One of the things with Unmortal that I have been less than happy about, but which I will most likely just choke down and move on with, is the way the world in the story functions in a certain way. This makes me uneasy for the same reason I'm not fond of fantasy settings with overly elaborate magical systems. I think they are distracting and needlessly complex, and a sign that the author's interests are not really with the story but with the world the story is set in.
But I have to balance that against leaving the reader feeling there are no rules, that anything can happen and therefore nothing makes any difference. It's just that once you set up one rule, five more emerge from that naturally, and so you have to keep the number of actual rules to a bare minimum lest you end up writing a rule book. I feel like there may be too much unexplored incidental complexity for my own good, but if I yank it out, then the story is even less functional on its own terms.
One of the commenters in Goodreads whose reviews I respect once theorized that an overly complex magic system in a fantasy story is a sign of insecurity on the author's part. They don't trust the story or the characters to behave as intended and deliver the drama, so they offload that onto the setting. Small wonder such stories always feel like the characters and the story itself come in a distant fourth, way behind the convoluted magic system and the tiresome history of the world and the maps in the endpapers. This isn't to say maps in the endpapers or any of that other stuff are bad, just that they can't carry the story if all the actual heavy lifting has been offloaded to them.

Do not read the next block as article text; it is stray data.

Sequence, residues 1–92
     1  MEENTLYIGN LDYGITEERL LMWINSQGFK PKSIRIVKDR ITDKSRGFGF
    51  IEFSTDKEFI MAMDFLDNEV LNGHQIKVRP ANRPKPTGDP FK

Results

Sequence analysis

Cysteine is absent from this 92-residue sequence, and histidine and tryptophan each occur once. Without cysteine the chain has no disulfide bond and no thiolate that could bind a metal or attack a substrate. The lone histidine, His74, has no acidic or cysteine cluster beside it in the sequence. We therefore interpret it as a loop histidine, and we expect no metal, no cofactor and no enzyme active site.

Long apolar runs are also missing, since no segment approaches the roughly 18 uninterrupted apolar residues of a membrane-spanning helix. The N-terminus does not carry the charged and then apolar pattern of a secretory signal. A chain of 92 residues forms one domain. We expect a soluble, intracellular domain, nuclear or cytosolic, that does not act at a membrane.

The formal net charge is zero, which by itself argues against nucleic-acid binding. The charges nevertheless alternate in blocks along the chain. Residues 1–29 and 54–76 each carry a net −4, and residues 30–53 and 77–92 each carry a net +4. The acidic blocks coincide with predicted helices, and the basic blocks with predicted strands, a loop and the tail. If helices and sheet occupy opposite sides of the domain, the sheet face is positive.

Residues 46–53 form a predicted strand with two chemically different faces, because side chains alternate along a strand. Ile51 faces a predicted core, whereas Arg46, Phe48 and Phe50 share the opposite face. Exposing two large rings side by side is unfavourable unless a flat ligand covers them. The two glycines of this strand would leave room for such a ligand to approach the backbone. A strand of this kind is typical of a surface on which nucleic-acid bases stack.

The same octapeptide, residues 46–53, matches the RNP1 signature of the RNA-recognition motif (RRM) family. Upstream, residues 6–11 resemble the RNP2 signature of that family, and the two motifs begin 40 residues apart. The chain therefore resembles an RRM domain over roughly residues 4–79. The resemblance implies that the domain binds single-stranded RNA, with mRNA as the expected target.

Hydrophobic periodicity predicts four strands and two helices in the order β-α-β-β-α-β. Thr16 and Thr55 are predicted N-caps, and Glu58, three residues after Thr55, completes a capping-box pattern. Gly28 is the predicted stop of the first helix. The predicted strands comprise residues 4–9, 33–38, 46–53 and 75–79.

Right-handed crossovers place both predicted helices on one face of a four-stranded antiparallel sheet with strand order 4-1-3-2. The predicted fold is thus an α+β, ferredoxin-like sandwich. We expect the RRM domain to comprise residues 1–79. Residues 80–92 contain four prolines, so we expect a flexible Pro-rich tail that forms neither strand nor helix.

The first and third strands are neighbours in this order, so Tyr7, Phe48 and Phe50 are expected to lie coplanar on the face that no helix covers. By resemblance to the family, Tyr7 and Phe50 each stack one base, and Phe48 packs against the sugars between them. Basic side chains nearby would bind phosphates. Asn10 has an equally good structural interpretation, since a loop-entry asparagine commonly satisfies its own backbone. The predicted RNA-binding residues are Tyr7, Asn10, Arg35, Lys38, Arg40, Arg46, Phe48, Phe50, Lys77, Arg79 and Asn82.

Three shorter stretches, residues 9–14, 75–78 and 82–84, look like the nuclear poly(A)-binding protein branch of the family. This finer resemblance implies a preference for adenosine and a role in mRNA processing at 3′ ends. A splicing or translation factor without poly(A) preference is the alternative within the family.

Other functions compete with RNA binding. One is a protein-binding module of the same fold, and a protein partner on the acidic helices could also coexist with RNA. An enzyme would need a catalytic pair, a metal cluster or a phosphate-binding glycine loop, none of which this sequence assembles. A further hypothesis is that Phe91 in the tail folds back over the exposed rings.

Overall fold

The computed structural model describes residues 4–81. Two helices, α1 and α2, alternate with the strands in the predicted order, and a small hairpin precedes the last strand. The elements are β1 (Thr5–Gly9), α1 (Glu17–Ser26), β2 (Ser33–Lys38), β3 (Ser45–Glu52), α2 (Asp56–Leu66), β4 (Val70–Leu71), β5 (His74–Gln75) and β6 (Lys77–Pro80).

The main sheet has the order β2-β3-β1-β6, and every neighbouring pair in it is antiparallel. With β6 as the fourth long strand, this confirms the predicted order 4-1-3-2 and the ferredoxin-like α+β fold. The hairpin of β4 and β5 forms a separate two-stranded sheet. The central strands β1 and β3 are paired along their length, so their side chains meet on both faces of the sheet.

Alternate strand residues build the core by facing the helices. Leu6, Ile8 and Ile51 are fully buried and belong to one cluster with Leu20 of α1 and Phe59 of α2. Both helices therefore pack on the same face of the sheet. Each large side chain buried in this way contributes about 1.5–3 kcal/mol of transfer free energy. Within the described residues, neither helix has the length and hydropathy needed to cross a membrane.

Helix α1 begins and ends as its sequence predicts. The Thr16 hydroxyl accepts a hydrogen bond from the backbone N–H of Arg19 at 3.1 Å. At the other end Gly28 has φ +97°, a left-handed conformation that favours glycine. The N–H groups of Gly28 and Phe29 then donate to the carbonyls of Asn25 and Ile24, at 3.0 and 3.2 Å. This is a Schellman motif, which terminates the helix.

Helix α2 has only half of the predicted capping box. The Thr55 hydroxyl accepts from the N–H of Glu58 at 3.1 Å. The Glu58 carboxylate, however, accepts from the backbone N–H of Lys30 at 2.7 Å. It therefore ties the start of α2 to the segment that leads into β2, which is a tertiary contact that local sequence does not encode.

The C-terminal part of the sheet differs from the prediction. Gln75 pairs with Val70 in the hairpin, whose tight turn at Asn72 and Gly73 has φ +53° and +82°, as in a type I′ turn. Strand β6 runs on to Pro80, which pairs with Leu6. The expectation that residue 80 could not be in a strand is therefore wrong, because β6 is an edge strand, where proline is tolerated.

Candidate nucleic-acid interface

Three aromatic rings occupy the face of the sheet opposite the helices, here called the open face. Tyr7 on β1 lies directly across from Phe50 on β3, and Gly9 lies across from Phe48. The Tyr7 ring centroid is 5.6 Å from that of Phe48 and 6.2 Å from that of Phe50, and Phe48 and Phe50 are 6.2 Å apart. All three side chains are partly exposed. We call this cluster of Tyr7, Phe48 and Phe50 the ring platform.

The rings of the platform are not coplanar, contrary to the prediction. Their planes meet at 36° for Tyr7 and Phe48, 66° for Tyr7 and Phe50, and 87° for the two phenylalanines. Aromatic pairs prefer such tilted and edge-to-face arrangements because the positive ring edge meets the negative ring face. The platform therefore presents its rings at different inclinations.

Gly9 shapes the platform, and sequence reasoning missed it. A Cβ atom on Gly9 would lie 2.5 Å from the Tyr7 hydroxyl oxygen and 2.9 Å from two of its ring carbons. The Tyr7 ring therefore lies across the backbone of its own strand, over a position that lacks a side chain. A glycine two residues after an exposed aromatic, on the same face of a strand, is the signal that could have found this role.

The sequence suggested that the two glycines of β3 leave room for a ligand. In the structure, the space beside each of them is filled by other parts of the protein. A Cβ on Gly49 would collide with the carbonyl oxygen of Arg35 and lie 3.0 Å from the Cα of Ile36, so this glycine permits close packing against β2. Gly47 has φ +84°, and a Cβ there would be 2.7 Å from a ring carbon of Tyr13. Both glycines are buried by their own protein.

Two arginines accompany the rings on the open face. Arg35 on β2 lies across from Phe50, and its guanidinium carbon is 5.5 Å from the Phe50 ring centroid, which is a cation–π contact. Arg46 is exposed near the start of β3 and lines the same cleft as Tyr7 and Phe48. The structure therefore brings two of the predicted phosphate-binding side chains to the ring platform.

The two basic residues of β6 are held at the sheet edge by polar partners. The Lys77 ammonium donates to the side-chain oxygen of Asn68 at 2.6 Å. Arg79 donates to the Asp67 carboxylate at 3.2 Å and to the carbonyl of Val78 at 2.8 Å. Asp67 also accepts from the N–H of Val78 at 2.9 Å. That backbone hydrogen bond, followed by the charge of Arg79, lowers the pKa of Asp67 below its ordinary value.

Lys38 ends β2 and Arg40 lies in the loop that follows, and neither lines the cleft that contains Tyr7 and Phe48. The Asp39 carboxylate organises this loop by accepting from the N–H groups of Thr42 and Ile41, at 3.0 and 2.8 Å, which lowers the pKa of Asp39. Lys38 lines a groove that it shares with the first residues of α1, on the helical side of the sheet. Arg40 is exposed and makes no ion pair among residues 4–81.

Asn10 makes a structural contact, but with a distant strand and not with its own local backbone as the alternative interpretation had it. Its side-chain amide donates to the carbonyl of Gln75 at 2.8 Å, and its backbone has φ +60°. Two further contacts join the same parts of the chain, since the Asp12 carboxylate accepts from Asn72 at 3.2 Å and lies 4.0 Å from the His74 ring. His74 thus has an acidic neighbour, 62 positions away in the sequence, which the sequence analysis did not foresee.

If people feel they trust a story to be straight with them, in the sense of emotionally honest and playing fair with the reader's sensibilities and sympathies, you can get away with a lot. But that's really hard to do. So much so that I can see why folks would rather just try to make their story more akin to a pocket watch, with all the gears meshing perfectly (if boringly), than to make it more like a toy of sentimental value.
I've more or less resigned myself to the idea that it's too late to rework the story in any significant way. If Unmortal doesn't work because there's too much engineering in the setting, then all I can really do is roll that understanding forward into another project. It has to stand or fall as I've put it together, and if it falls for some, then maybe that's just because not everyone likes everything.
I'm facing an analogue of this issue for my next project, Shunga-Satori, which is driven by dream logic and the unconscious. It runs even more of a risk of feeling like a story where everything is possible so therefore nothing makes any difference. Wish me luck.